World / Politics

Trump says Iran appears to be 'standing down' after strike on bases

AP

President Donald Trump said Wednesday that Iran appears to be “standing down” and said no Americans or Iraqis were harmed in Iran’s Tuesday ballistic missile strike on two Iraqi bases housing U.S. troops.

Speaking from the foyer of the White House, Trump announced that the U.S. will immediately place new sanctions on Iran “until Iran changes it’s behavior.” He defended his targeted killing last week of Gen. Qassem Soleimani, the head of Iran’s elite Quds Force. He added that Americans should be “extremely grateful and happy” with the outcome.

Trump reiterated his position that “Iran will never be allowed to have a nuclear weapon” and called for new nuclear negotiations to replace the 2015 nuclear deal from which he withdrew the U.S.

Trump also announced he would ask NATO to become “much more involved in the Middle East process.”

The Iranian strikes came days after Trump authorized the targeted killing of Soleimani. Iran had pledged to retaliate, though its actions did not appear to result in any American casualties, according to a U.S. official. Its missiles targeted two bases — one in the northern Iraqi city in Irbil and the other at Ain al-Asad in western Iraq.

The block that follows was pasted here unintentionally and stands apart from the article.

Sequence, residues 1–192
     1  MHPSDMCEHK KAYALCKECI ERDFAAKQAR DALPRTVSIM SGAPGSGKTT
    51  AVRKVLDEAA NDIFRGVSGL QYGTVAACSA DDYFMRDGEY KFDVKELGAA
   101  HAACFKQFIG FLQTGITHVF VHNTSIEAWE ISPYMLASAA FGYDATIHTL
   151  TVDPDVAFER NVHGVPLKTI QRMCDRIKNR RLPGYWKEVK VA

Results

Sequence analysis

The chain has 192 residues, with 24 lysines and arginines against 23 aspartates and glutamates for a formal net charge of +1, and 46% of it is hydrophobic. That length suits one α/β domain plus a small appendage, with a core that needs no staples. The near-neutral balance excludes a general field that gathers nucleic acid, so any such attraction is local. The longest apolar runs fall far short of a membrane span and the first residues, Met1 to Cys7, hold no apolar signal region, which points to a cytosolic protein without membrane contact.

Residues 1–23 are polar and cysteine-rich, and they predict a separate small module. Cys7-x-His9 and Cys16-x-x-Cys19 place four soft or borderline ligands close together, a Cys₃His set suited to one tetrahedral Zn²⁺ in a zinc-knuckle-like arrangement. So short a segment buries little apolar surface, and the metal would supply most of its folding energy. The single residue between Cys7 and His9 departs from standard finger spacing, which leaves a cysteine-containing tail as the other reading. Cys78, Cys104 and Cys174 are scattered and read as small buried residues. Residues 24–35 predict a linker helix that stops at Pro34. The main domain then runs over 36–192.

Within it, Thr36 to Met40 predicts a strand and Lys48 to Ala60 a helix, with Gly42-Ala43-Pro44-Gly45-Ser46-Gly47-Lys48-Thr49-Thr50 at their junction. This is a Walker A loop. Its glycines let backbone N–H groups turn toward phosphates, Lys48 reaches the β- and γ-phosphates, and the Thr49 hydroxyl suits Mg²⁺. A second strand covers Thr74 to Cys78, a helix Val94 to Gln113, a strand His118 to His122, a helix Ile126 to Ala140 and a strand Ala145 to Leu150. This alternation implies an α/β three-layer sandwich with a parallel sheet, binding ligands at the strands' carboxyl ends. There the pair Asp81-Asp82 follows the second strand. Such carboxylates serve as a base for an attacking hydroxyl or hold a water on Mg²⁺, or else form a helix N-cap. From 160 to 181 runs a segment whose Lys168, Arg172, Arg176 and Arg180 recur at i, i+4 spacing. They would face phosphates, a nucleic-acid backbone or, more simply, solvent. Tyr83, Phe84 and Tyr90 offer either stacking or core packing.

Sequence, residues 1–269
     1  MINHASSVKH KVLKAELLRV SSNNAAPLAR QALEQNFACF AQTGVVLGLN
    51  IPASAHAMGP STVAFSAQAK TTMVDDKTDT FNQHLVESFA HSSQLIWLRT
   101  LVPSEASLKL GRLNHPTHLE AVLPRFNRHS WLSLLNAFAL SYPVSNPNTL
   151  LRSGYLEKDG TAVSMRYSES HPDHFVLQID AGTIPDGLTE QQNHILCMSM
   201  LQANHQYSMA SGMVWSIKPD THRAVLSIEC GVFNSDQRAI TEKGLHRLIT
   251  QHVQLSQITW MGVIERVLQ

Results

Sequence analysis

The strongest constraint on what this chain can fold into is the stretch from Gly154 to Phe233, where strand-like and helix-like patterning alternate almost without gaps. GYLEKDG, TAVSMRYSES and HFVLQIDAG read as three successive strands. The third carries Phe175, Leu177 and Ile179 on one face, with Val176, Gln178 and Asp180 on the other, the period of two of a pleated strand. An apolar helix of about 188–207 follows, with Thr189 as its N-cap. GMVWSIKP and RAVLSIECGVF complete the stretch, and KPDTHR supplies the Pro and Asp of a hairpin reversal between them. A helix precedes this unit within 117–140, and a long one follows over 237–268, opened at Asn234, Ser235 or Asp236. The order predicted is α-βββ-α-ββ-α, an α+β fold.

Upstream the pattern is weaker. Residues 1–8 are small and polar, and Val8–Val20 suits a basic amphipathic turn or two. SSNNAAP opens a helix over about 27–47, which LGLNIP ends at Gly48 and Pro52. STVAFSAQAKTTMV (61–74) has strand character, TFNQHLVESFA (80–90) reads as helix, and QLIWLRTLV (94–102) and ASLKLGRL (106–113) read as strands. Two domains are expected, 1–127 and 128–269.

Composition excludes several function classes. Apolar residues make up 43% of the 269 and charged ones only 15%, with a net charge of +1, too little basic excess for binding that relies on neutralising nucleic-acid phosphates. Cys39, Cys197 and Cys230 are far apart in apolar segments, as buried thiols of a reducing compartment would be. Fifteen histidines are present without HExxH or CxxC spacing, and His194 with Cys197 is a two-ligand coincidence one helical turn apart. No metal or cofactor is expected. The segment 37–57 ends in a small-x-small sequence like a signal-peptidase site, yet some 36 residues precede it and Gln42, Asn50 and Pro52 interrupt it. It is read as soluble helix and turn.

The lack of U.S. casualties could signal that Iran is not interested in escalating the tension with Washington — at least not now — and could give Trump an opening to calm relations with Iran and pull the U.S. back from the brink of war. Trump, who is facing reelection in November, campaigned for president on a promise to keep the United States from engaging in “endless war.”

Sen. James Inhofe, the chairman of the Senate Armed Services Committee told reporters Wednesday that he spoke with Trump Tuesday evening after the Iranian strike and said the president indicated his desire to reopen negotiations with Iran.

Turkish President Recep Tayyip Erdogan and Russian President Vladimir Putin in a joint statement after a closed-door meeting on Mideast security are warning that the further use of force “would lead to a new cycle of instability and would eventually damage everyone’s interests.”

Iranian Foreign Minister Mohammad Javad Zarif tweeted that the country had “concluded proportionate measures in self-defense.”

But speaking on Wednesday, Iranian Supreme Leader Ayatollah Ali Khamenei said the strike was not necessarily the totality of Iran’s response.

“Last night they received a slap,” Khamenei said in a speech. “These military actions are not sufficient (for revenge). What is important is that the corrupt presence of America in this region comes to an end.”